At next week’s policy meeting we expect the ECB to guide towards a more neutral policy outlook for the near term as we expect the ECB to virtually rule out the possibility of a further rate hike. That would mark the beginning of the end of the 4% policy rate level. This follows on the back of the inflation surprises on the downside in recent months. We expect the ECB to fall short of providing guidance on the timing of the first policy rate cut beyond the near future while repeating its call for a data-dependent approach. This will leave a Q2 24 rate cut as the most likely scenario for the next policy rate change.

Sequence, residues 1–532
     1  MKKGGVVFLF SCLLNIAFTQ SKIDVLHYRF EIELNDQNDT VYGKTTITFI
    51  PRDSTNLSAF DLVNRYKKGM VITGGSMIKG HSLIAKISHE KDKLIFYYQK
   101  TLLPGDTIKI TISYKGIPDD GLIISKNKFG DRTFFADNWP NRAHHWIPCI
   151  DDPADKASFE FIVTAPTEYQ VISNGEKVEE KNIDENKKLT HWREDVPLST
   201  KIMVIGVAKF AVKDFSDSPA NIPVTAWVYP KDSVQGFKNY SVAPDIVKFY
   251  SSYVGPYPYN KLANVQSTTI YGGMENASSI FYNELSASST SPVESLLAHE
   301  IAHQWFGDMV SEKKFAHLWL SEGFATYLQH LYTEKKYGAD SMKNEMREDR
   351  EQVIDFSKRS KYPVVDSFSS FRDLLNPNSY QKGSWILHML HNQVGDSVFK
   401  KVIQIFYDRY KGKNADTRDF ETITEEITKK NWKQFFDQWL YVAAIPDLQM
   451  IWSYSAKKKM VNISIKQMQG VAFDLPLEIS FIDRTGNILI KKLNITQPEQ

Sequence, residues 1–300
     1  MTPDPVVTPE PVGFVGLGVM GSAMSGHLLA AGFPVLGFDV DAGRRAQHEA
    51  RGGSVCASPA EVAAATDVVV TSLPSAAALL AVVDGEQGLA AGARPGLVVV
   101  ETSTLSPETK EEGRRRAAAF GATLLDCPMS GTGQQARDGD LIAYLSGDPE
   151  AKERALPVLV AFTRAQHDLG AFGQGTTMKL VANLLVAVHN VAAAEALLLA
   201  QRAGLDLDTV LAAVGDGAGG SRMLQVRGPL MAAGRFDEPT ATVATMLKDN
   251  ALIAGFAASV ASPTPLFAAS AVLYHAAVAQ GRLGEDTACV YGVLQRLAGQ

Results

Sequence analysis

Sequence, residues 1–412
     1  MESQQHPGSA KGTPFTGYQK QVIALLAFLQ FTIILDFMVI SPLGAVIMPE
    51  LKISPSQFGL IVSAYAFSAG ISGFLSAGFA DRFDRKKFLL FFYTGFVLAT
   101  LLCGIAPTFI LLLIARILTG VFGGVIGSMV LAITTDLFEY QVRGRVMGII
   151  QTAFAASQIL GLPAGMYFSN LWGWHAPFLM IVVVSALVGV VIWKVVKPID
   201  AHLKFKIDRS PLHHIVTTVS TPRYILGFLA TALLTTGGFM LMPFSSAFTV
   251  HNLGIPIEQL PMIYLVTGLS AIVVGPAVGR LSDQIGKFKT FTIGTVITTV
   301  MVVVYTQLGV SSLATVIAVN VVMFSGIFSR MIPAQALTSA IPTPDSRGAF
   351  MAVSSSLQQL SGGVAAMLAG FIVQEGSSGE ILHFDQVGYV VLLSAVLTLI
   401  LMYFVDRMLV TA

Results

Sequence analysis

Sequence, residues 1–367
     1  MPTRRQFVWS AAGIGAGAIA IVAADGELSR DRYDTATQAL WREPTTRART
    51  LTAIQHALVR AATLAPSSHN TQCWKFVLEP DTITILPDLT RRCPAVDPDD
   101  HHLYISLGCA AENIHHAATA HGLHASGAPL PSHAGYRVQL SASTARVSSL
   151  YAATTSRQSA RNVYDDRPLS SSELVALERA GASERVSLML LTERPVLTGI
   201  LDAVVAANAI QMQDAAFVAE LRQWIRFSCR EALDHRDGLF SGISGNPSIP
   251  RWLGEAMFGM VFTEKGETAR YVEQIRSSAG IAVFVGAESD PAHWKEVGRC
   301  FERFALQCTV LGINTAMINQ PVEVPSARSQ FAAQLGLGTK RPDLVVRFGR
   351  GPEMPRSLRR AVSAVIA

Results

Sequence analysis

During the Q&A part of the press conference, we expect Lagarde to acknowledge that ending the full PEPP reinvestments has been discussed. A formal decision with its technical details published is only expected at the January meeting for an immediate implementation.
While markets are pricing in a very aggressive rate cut cycle through the end of next year of 140bp, and a 70% likelihood of a rate cut in Q1, we continue to expect the ECB to deliver its first cut in June, as we see the ECB respecting the ‘sequencing’ of first accelerating the liquidity normalisation and subsequently discussing rate cuts. We do not share the markets’ view on inflation and a growth outlook that would warrant more than five policy rate cuts next year as a main scenario.
Pushing back on the easing of financial conditions